It’s Monday 15th October and an exciting morning with some lions.

I do hope that you are well and sitting comfortably ready and raring for the week ahead. So what news from the Luangwa Valley? Well let me tell you, this week we are throwing out the usual tactics of getting stories from the camps and instead I am being terribly selfish and telling you all about a sighting that Rob and I had. Every Wednesday morning, we head to Luangwa River Camp and usually try to get going early, especially this time of the year as the temperatures are rising. So, John arrives at our house full of stories about the morning ride into work and announces that the staff run had seen a big pride of lions. Well I was not going to miss out on this opportunity so dusted off my camera; which I can assure you has not been used much at all lately. I grabbed Rob from the office, packed up the car and off we went; and sure enough there were the lions – what a treat to see so many and also actually playing around, suckling and interacting with each other.

Dr Matt Becker and the Zambian Carnivore Programme along with the DNPW team were obviously also there making notes and identifications etc. Then Matt asked if it was ok if they put a collar on one of the females. Now I realise that for quite a few of you the immediate reaction is negative, especially when trying to take photos of the animals. However, as we found out from the research team these lions were part of the group that we called Big Pride which had split off in 2016. They have been spending increasing amounts of time in the GMA (Game Management Area – the non-park side of the river) and the father of the cubs is likely to be the male lions from what they call the Mvu Coalition and not Ginger and Garlic – hence the penchant for increased time on our side of the river. This is obviously very important information as for the safety of the cubs they will likely to be wanting to spend increasing amount of time away from their original pride.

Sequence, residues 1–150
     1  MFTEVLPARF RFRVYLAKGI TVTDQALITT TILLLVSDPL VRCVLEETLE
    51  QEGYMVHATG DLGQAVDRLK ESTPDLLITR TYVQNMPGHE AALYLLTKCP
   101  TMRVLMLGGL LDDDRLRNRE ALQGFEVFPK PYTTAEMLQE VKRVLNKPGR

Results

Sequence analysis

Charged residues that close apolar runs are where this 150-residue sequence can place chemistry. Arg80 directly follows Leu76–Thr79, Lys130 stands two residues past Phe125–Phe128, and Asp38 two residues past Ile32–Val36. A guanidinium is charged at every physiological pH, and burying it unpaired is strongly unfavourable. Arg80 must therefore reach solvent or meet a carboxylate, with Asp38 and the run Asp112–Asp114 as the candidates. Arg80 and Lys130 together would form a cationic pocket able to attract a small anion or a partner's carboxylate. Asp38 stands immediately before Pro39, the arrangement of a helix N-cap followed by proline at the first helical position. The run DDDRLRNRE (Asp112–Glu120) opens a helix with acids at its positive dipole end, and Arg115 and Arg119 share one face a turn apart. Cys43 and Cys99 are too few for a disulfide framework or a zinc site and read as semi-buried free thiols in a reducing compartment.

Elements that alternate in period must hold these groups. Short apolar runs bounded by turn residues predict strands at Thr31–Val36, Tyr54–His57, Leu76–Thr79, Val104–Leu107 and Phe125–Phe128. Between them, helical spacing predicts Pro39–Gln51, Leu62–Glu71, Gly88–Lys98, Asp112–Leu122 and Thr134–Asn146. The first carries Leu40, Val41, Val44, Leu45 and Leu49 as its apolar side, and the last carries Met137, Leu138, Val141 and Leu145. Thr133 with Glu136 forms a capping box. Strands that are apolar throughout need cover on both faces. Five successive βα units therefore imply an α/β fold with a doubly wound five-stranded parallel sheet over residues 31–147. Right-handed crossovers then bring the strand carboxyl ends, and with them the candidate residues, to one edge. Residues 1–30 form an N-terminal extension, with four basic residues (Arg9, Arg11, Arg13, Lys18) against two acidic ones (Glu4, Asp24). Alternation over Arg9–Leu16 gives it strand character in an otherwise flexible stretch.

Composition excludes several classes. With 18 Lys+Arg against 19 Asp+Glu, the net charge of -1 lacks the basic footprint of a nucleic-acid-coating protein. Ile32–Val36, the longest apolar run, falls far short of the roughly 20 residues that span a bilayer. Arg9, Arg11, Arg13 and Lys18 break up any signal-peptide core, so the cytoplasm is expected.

For a little more history (which is fascinating) this is the exact same way that the Chinzombo Pride formed many years ago. Given that in 2016 the resident Chichele Pride female was killed by Ginger and Garlic, this has opened the area for a new pride which these guys have now filled. The researchers decided to collar one of the females for several reasons; one of them being so that they can keep a track of this splinter group but now a new pride. Also with this monitoring of the animals comes safety, as with them being outside of the park we are obviously aware and careful with Human/Wildlife conflicts so we want to keep everyone nice and safe.

The team all convened and after careful consideration of the circumstances, they darted one of the females (obviously not mum but one of the aunts). Once she was safely sedated and the remaining pride had moved on, we could come in and observe proceedings. I have to be honest with you it was fascinating. The team measured the animal, took her temperature, took a small tissue sample for DNA purposes and then fitted the collar. Talking to Matt about how they fit the collar and determine where to put the collar and how to size it taking into the fact that this was a fully grown female but obviously strains and flexes when hunting and killing prey was so interesting and certainly put a new slant and perspective on this. We left the team to it as we didn’t want to crowd and impact the situation. Later that day the team were coming back to camp, having spent the entire day with the pride ensuring that there were no problems. In fact the pride killed and ate a warthog and behaved as if nothing had happened which is fantastic. Success all round. So hopefully we will be able to keep abreast of how the pride is doing which is important but also exciting.

As a further point of note which I found incredibly interesting and is that the lions from the work done by the researchers is Zambia’s longest running lion conservation project. They utilize collars to give locations of prides and provide Conservation South Luangwa with the information so that they can patrol in the areas that the lions are spending their time, which in turn minimizes the risk of snaring. Throughout the history of the project some 39 lions have had snares removed and to date those 39 lions have given birth to 148 cubs – this is just incredible and shows the amazing work that the teams on the ground here are doing.

Well as you probably guessed I could go on and on for hours about this, but really should leave you all to your day. Hope that you have a fab day and week ahead with all the smiles and laughter possible and also don’t forget to look after each other.

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